No Right ExplanationLet's Keep on Riddling!
Last week the guys debated which Batman villain is the best, and this week they continue that debate in print for your reading enjoyment.
Chris: If there was any doubt that No Right Answer has awesome fans, this week's episode would have proven it and then some. I say this because I entirely expected more than a handful of comments stating that the Joker was the best and we were fools for not including him (which would mean they didn't actually watch the episode), or that our choices were so far away from rational thought that we must be morons of the highest caliber.
And yet neither of those things happened. More than enough viewers agreed that the Riddler was a fantastic choice for the "best" moniker, with another high percentage saying that Two-Face was a strong choice as well. Then we had other fans coming in and (civilly) giving their own cases for villains such as Ra's, Scarecrow, Clayface, Mr. Freeze, Hush, and even our colleague Jim Sterling represented Team Killer Moth.
What this forces me to do is reconsider the Joker as Batman's one truest and most obvious villain ever. Come to think of it, I've read a number of stories that feature the Joker most prominently and more often than not, I'm overwhelmingly disappointed with the results. It leads me to learn that just as stories that take Batman out of Gotham, stories that give the Joker too much power also don't work.
Essentially, any story where the Joker isn't both confined to Gotham and to the restraints of just being a lone lunatic in a clown's body can and does quickly become laughable, but not in any enjoyable way. Take the A Death in the Family storyline where the Joker becomes an ambassador for Iran. Doesn't that just sound a bit too moronic to work? Or Last Laugh, where the Joker is diagnosed with cancer, decides to pretty much kill the world and finds instant success, which again doesn't feel very fun since it's all too easy.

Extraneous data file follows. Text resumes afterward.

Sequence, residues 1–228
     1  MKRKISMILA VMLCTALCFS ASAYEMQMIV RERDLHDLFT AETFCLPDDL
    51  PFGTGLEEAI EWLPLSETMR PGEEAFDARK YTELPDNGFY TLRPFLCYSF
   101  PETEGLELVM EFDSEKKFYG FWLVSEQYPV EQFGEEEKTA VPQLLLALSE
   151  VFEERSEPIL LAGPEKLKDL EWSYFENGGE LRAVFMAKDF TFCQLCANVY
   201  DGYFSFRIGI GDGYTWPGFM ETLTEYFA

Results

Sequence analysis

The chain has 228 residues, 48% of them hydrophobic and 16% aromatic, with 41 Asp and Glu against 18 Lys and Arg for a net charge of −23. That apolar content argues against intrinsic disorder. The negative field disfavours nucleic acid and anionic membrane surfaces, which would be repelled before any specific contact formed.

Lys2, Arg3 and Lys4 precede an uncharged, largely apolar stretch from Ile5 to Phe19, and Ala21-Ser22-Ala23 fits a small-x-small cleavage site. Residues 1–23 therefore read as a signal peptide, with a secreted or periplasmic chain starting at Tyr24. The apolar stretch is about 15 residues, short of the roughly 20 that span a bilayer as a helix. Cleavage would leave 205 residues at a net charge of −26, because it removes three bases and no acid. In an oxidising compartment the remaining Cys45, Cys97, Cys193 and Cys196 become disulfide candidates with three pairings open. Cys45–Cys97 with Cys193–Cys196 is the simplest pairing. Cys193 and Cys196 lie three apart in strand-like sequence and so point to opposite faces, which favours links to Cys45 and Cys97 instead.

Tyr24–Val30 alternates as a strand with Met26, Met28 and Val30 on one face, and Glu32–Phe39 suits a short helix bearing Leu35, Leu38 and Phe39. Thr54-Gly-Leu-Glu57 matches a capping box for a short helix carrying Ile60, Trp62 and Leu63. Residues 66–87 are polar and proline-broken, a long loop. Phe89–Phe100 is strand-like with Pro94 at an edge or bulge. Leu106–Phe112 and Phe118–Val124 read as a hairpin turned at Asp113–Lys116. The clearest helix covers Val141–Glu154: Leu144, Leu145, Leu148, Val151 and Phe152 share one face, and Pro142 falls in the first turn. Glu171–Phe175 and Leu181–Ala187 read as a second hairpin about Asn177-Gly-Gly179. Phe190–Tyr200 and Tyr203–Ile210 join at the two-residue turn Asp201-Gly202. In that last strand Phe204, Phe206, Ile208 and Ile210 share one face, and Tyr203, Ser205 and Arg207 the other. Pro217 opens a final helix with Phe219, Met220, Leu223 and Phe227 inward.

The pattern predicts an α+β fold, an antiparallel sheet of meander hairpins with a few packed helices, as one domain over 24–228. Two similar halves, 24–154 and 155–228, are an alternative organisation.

Probably the most disappointing arc I've read is actually a Superman story called Emperor Joker. In it, the Joker gets 99% of Mr. Mxyzptlk's power and uses it to utterly redo the universe into this bizarre world of his insanity. Again, it's a concept that sounds really fun, but giving the Joker so much power so quickly gets boring way too fast.
For my money, if you're looking for a brilliant Joker story within the comics and already went through The Killing Joke, check out Brian Azzarello's Joker. It's a Joker story told entirely from the perspective of a lowly henchman in the Joker's gang that shows how utterly insane and terrifying the Clown Prince of Crime can really be when restraint on the writer's part is expressed. Seriously, if you haven't given Joker a read by now, you're really missing out.
If I were to give an honest option for the real harshest villain Batman has ever faced, it'd without a doubt be Bob Kane. Ooh, didn't expect that? Go give a read about what he actually did for the Dark Knight. You'll discover that Kane originally envisioned Batman as being a middle-aged dude in bright red bat wings (no cowl) just swinging around, shooting bad guys as he pleased. Everyone knows Kane as Batman's creator, but he was a hack and a joke. Bill Finger gets all the credit for giving us the Batman we know and love today. Don't believe me? Maybe Cracked can convince you instead.